Mexico is the world’s 15th largest economy, estimated to join the top 10 by 2020; it is the world’s 7th largest producer of automobiles and expected to be number six by 2020; and Mexico has free trade agreements with 32 countries, making it a highly attractive production platform for global exporters.
All of this is taking place in a country with deep economic ties to the United States. Mexico is the second largest foreign market for U.S. goods (the U.S. exports more to Mexico than to Brazil, Russia, India, and China combined). Even the goods we import from Mexico have significant U.S. content, a consequence of production sharing, which creates jobs in the United States as well as in Mexico.
The Southwest by itself accounts for over one-third of U.S. trade with Mexico. That translates into 1.5 million jobs, and positions the Southwest to benefit even further from Mexico’s profound yet often underestimated transformation.
Pamela K. Starr is the director of the US-Mexico Network and associate professor of international relations and public diplomacy at the University of Southern California, and senior advisor at ManattJones Global Strategies.
There’s little doubt that the rise of the Mexican middle class spells opportunity for destinations across the U.S., particularly those in neighboring states. More disposable income means more opportunity for luxuries, including travel. As the largest U.S. city in close proximity to Mexico, Houston has definitely reaped the benefits. This is nothing new. Houston’s strong business relationship with Mexico dates back more than a century. A full third of Houston’s residents are from Mexico or are descendants of Mexican immigrants.
Over the last 40 years, we’ve seen a consistent increase in visitation from cities such as Mexico City, Guadalajara, and Monterrey. Now, with the jobs being created by a deregulated Mexican energy industry and other opportunities, we’re seeing new growth. Already Houston sees more international tourists from Mexico than any other country in the world—more than 1 million annually. Just in the last six months, more than 7,000 new airline seats have become available from Mexico to Houston each week on additional flights by Aero Mexico, Interjet, Volaris, and other carriers. That is on top of the more than 500 weekly flights that United Airlines offers to 26 cities in Mexico.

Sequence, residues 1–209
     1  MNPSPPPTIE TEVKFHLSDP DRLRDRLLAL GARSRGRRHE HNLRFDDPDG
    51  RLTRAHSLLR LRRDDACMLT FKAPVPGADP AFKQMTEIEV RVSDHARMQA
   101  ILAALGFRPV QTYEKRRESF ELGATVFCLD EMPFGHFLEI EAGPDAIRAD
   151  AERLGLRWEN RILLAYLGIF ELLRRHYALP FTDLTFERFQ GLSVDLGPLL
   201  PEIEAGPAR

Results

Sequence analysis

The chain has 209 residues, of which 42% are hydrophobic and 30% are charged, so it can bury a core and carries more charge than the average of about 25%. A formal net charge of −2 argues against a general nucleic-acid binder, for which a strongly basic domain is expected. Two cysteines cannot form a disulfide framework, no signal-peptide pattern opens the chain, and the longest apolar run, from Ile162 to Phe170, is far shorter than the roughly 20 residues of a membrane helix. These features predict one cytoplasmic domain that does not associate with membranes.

To capitalize on this, we are expanding our advertising and promotional efforts in Mexico this year to reach a target demographic interested in coming to Houston to shop, to see friends and family, and to experience the culture and attractions the city has to offer.
Jorge Franz is senior vice president of tourism for Visit Houston.
Over the last few years, our common border has increasingly become an area of prosperity and regional competitiveness. The border region, defined as the 10 United States and Mexican border states, represents a combined population of nearly 100 million people and constitutes the world’s 4th largest economy. More than $500 billion are traded in goods annually between Mexico and the U.S., which means commercial exchanges of almost $1 million per minute.
Bilateral cooperation is stronger than ever in areas such as infrastructure development, security, and trade. Presidents Enrique Peña Nieto and Barack Obama announced, in May 2013, the establishment of the High Level Economic Dialogue (HLED), to forge a more competitive and dynamic economic relationship between our countries. The HLED establishes cooperation areas under the three broad pillars of promoting competitiveness and connectivity; fostering economic growth, productivity, entrepreneurship and innovation; and partnering for regional and global leadership.
Our countries’ common values and cultural ties are nowhere more visible than at our shared border. As our economy keeps growing, so does our need to create a border that promotes economic competitiveness and enhances security through the secure, efficient, rapid and lawful movement of goods and people. In 2010, our countries issued a Joint Declaration on 21st Century Border Management that acknowledged our shared interests and recognized the need to fundamentally restructure the way we manage our border. Two of our countries’ most dynamic ports of entry are located on the Southwest border with Mexico. The San Ysidro Port of Entry on the Tijuana-San Diego border is the busiest land border crossing in the world; it currently processes an average of 50,000 northbound vehicles and 25,000 northbound pedestrians per day. On the Sonora-Arizona border, the Mariposa Port of Entry serves as the main port of entry for fresh produce entering the U.S. from Mexico and the primary produce distribution point on the southern border.
Much remains to be done, but the level of ongoing cooperation between Mexico and the United States on border issues is a testimony of the maturity and strength of the bilateral relationship. As Mexico continues to advance, so does our commitment to further the integration of the region and the development of both our communities, which have already been intertwined for centuries, towards a stronger global partnership.
Roberto Rodriguez Hernandez is Consul General of Mexico in Phoenix. His trajectory as a member of the Mexican Foreign Service consists of more than 35 years, and in 2002, President Vicente Fox promoted him to the rank of ambassador.